The Woman Who Tried to Kill Me
Would-be presidential assassin Sara Jane Moore—who on Sept. 22, 1975, fired a .38-caliber bullet at President Gerald R. Ford—sat down for a convivial interview Thursday with Today show host Matt Lauer.
Ford’s White House photographer, David Hume Kennerly—who, like the president, narrowly missed getting killed or wounded that day as Ford departed an event at San Francisco’s St. Francis Hotel—was outraged by the spectacle.
“Watching it, I got pissed off,” Kennerly says. “She’s on there, laughing and joking and really not taking responsibility for what she did.”
“That was the woman with the gun, who was in the crowd in 1975—and now she’s talking on TV like she’s discussing a knitting contest or something ludicrous like that,” Kennerly told me last night. “I thought it was bizarre. I would like to say she shouldn’t be on TV at all. The only reason she was on there is because she’s an 80-year-old woman who, when she was 45, tried to kill the president.”
Kennerly, who had been a prize-winning combat photographer in Vietnam and other war zones before going to work for the White House, managed to get a few quick images of the president wincing and being shoved by the Secret Service into his limousine, along with White House Chief of Staff Donald Rumsfeld, as the single shot rang out and a bystander grabbed Moore’s Smith & Wesson and slammed her to the pavement a mere 40 feet away. The stray bullet passed within three feet of Kennerly and ricocheted off a wall, slightly injuring a bystander.
“I find it, honestly, hard to blame NBC or the Today show for what was obviously good television,” Kennerly said. “This is the world we are living in now, where news judgment and values have deteriorated. But watching it, I got pissed off. She’s on there, laughing and joking and really not taking responsibility for what she did.”
Kennerly said he was especially struck by how NBC teased the interview—first showing Moore in darkened silhouette before bringing up the lights to reveal a sweet, gray-haired old lady, as though she were a game-show contestant. “It reminded me of What’s My Line?” Kennerly said. “Except in this case, her line was ‘would-be presidential assassin.’”
The 80-year-old Moore, who was released on parole in 2007 after 32 years in prison and has been living quietly for the past two years in an unidentified town, was dressed in a white blouse and smartly tailored black suit. She was perfectly composed, occasionally flashing a wry smile and speaking in thoughtful, well-turned phrases.
“Oh I think it was wrong,” she conceded under Lauer’s gentle questioning. “Of course, I think it was understandably wrong, but that’s my ego talking. Horrific? I don’t know. Those are words I don’t use… I was misled. I think I was mistaken. I think I made a serious error.”
That was the closest to a heartfelt mea culpa that Lauer managed to get out of Moore—a 45-year-old bookkeeper and five-times-divorced mother of four when she tried to kill the president—who punctuated her 12-minute television appearance with grandmotherly giggles. Indeed, during the interview, she repeatedly characterized herself as an unwitting victim—and the evil act she committed as a natural symptom—of the political turmoil of the 1970s.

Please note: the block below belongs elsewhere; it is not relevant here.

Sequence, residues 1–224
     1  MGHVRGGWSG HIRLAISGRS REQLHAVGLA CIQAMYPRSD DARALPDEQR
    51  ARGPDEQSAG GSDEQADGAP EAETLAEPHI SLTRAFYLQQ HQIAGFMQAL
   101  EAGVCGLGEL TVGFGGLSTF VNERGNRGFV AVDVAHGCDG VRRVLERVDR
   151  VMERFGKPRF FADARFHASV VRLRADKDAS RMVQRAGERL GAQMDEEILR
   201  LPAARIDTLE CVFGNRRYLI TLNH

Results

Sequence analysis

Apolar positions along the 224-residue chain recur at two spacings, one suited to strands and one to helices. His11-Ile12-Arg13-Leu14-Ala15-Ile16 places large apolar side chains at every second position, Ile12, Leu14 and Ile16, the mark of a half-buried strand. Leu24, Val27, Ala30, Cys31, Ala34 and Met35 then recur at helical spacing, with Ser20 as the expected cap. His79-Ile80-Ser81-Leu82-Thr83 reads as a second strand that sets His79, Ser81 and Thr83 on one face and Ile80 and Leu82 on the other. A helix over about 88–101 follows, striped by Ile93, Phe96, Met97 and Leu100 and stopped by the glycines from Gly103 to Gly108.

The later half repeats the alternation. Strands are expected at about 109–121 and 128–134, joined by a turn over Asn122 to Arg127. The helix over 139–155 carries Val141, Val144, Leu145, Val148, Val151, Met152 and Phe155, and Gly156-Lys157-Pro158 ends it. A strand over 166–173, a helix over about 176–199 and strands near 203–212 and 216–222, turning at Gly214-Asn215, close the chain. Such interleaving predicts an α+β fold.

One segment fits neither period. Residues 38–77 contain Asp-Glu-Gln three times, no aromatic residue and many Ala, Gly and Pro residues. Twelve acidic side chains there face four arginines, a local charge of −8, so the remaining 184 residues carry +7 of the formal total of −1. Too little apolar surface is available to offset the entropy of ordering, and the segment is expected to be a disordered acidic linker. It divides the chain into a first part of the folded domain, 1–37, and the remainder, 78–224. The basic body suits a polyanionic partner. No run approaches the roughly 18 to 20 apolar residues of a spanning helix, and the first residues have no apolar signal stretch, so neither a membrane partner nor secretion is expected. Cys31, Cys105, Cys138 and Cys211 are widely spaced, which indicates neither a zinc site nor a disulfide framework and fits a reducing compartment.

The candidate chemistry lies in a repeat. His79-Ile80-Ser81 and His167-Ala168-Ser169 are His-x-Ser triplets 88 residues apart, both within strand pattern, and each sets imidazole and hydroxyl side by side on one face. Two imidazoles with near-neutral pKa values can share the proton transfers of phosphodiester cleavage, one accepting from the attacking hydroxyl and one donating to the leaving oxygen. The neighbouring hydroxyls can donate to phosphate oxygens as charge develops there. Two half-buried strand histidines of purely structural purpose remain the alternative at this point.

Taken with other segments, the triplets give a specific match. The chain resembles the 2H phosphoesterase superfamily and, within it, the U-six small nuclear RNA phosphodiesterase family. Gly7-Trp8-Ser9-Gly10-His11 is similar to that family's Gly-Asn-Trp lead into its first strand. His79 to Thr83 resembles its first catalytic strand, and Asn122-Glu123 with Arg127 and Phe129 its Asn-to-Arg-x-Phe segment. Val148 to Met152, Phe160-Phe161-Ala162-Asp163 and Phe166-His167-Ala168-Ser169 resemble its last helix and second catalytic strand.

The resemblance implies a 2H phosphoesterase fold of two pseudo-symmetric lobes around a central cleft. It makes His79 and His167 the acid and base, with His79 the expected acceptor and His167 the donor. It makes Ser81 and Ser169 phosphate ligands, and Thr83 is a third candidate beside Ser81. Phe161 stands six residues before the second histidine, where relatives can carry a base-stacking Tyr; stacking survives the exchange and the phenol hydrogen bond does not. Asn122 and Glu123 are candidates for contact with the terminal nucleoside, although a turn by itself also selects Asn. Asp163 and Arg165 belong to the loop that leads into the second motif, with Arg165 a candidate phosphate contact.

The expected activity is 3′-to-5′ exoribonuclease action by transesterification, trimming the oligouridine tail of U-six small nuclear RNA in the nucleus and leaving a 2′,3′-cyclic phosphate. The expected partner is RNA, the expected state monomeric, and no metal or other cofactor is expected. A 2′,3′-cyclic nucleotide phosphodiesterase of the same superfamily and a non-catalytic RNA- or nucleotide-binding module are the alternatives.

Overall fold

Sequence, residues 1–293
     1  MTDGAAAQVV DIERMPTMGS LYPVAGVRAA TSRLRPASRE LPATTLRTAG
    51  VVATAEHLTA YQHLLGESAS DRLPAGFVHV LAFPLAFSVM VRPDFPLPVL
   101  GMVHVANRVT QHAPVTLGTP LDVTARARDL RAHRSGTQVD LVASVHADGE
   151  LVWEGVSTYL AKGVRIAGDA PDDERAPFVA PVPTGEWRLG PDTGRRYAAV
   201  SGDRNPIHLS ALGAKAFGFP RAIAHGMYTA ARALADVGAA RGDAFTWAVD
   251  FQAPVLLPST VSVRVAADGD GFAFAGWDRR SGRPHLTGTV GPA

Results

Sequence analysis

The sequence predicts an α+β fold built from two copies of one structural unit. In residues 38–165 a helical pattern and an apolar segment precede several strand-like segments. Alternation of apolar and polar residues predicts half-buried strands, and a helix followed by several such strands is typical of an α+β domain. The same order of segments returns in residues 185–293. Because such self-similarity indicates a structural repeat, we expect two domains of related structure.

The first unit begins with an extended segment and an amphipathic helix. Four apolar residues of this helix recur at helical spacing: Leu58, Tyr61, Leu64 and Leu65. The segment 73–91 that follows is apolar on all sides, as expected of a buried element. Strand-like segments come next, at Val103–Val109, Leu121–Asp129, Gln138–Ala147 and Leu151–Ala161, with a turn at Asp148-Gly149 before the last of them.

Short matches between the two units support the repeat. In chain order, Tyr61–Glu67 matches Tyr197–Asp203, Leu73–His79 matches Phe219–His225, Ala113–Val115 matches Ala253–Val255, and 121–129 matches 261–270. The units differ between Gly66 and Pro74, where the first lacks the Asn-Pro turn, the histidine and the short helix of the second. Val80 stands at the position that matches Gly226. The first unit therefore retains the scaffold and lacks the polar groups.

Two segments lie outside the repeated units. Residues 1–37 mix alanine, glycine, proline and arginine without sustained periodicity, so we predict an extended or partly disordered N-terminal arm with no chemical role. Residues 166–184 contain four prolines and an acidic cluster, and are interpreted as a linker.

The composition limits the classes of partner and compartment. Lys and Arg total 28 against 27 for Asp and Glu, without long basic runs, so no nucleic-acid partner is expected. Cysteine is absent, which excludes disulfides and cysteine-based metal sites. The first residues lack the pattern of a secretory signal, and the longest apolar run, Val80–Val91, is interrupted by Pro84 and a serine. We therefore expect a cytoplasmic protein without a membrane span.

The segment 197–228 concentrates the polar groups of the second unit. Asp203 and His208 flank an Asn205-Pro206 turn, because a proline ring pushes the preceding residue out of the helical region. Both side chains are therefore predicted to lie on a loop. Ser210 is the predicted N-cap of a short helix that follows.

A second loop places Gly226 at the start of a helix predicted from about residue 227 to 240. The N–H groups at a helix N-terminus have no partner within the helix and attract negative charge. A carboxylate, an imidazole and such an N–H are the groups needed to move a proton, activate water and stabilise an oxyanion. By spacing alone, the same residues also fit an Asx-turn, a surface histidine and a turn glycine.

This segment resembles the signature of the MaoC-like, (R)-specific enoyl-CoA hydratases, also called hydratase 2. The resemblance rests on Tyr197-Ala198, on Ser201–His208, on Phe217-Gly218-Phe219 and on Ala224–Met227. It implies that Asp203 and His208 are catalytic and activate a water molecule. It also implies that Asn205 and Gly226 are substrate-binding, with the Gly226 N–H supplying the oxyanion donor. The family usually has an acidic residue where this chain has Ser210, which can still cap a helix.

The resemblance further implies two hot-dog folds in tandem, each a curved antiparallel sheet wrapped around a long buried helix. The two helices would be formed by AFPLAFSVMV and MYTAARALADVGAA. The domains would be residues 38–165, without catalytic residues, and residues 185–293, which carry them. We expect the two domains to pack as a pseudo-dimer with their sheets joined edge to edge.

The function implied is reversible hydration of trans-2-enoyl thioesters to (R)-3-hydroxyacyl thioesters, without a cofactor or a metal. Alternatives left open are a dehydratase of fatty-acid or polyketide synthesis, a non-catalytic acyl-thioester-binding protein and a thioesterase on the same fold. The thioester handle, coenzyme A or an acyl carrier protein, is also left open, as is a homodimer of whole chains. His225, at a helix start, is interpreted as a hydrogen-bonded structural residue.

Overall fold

“People don’t remember—we had a war… in this country,” Moore explained.
“You were swept up in this antiestablishment, left-wing movement,” Lauer echoed, adding, “You really thought at one point that if you didn’t try to kill Gerald Ford, someone else would.”
“Oh, I still think that,” Moore agreed. “I think if I hadn’t done it, someone else would’ve…That was the tenor of the time. There was more talk about it than people realize.”
The interview ended with Lauer telling his guest: “Thank you for being with us this morning. I appreciate it.”
“It’s been a pleasure,” Moore responded.
Kennerly said: “I don’t want to criticize Matt. I like the guy. I think he was trying to get her to say that what she did was ‘horrendous’ or ‘horrific.’ He was trying to put words in her mouth. He wanted her to make the big breakdown and cry, and say, ‘I’m really sorry that I tried to kill the president.’ But she wasn’t going there.”
NBC had no comment this morning concerning Kennerly’s observations, though a source suggested that the Pulitzer Prize-winning photographer—who until December was under contract as an NBC News contributor—was suffering from sour grapes because the Today show recently passed on his coffeetable photography book commemorating President Barack Obama’s inauguration.
“Sour grapes aren't part of my personality,” Kennerly said, “unless, of course, they involve people who tried to kill a president—and me and my friends along with him—and then leave the obscurity they so richly deserve to chat publicly about it years later as if they were sitting there discussing the latest Zadie Smith book.”
Lloyd Grove is a frequent contributor to New York magazine and was a contributing editor for Condé Nast Portfolio. He wrote a gossip column for the New York Daily News from 2003 to 2006. Prior to that, he wrote the Reliable Source column for the Washington Post, where he spent 23 years covering politics, the media, and other subjects.